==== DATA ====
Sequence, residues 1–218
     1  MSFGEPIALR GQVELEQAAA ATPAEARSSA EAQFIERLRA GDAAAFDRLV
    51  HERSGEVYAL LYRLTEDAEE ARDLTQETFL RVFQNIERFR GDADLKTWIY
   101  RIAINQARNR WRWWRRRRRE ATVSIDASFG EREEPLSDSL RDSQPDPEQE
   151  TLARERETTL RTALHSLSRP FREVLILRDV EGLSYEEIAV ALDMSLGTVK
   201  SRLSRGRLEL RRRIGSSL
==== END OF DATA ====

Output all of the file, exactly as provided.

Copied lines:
Sequence, residues 1–218
     1  MSFGEPIALR GQVELEQAAA ATPAEARSSA EAQFIERLRA GDAAAFDRLV
    51  HERSGEVYAL LYRLTEDAEE ARDLTQETFL RVFQNIERFR GDADLKTWIY
   101  RIAINQARNR WRWWRRRRRE ATVSIDASFG EREEPLSDSL RDSQPDPEQE
   151  TLARERETTL RTALHSLSRP FREVLILRDV EGLSYEEIAV ALDMSLGTVK
   201  SRLSRGRLEL RRRIGSSL